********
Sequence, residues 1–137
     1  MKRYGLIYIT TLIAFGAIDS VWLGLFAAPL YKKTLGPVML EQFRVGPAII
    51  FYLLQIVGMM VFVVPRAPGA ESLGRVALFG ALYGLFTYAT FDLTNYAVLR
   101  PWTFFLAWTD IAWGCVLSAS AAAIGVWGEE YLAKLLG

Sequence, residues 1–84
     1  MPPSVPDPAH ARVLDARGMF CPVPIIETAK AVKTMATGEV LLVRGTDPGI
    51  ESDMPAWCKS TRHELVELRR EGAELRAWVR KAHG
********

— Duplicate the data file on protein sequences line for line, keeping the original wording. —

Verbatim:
Sequence, residues 1–137
     1  MKRYGLIYIT TLIAFGAIDS VWLGLFAAPL YKKTLGPVML EQFRVGPAII
    51  FYLLQIVGMM VFVVPRAPGA ESLGRVALFG ALYGLFTYAT FDLTNYAVLR
   101  PWTFFLAWTD IAWGCVLSAS AAAIGVWGEE YLAKLLG

Sequence, residues 1–84
     1  MPPSVPDPAH ARVLDARGMF CPVPIIETAK AVKTMATGEV LLVRGTDPGI
    51  ESDMPAWCKS TRHELVELRR EGAELRAWVR KAHG